(Bloomberg) -- Another Monday after a weekend escalation in the ongoing U.S.-China trade war and markets are roiling.

These charts show how traders took the latest salvos in the intensifying trade battle between the world’s two-largest economies.

S&P Futures

Having already closed down over 2% Friday, S&P 500 futures took another leg lower, dropping as much as 1.6% before paring losses. The contracts have fallen to test the uptrend in place since the beginning of the year.

“Aftershocks from the latest round of tariff increases announced by Beijing and Washington on Friday will continue to rock global markets when they open on Monday,” said Gavekal Research’s Randhir Prakash. “The silver lining for investors is that each successive round of tariffs in Trump’s trade war has had a smaller, and shorter-lived, negative impact on U.S. stock prices and volatility.”


The Japanese currency climbed as investors sought traditional havens. The yen rose above the 105 per dollar level and the January flash-crash high, to the highest since 2016.

“Speculators will continue to push up bids for the yen,” said Yukio Ishizuki, senior currency strategist at Daiwa Securities Co. in Tokyo. “Japan’s authorities are likely to take a wait-and-see stance for now, but a rally above 100 per dollar could see some response”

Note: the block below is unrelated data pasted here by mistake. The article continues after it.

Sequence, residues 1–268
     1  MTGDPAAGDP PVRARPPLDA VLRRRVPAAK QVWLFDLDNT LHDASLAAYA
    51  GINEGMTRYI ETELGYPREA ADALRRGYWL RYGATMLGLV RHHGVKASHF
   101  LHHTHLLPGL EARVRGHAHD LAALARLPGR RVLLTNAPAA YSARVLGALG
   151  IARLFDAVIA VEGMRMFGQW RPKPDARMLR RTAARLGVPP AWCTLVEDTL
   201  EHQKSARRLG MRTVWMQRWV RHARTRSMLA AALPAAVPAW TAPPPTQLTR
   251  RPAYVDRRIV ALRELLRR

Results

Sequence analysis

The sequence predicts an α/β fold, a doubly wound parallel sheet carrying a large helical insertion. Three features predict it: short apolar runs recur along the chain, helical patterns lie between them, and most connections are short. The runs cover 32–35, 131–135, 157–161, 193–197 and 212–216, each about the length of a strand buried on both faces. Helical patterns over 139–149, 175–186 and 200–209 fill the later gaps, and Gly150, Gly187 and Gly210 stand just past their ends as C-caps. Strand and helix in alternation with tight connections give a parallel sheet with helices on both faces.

China’s currency put even more distance between itself and the 7 per dollar level as the offshore yuan was quoted at an all-time low. It traded at 7.17 in early Asia trading Monday.


Ten-year Treasury yields dropped to the lowest since August 2016 and equivalents in Australia and New Zealand also sank.

“Given the proximity to all-time lows set around the Brexit vote in 2016, we believe the probability of U.S. 10-year yields revisiting (and going through) those levels has risen substantially,” said strategists at Goldman Sachs Group Inc. including Praveen Korapaty.

Turkish Lira

The move in the yen sparked another flash crash, this time against the Turkish lira. It suggests Japanese retail investors were caught out by the yen’s strength -- the lira fell as much 12% to the lowest since Aug. 2018.

“Given the lira’s nature as a high volatility currency, the surge in the yen must have triggered stop-losses this morning, ”said Toshiya Yamauchi, chief manager for foreign-exchange margin trading at Ueda Harlow Ltd. in Tokyo.

--With assistance from Masaki Kondo and Joanna Ossinger.

To contact the reporter on this story: Cormac Mullen in Tokyo at cmullen9@bloomberg.net

To contact the editors responsible for this story: Christopher Anstey at canstey@bloomberg.net, Adam Haigh, Andreea Papuc

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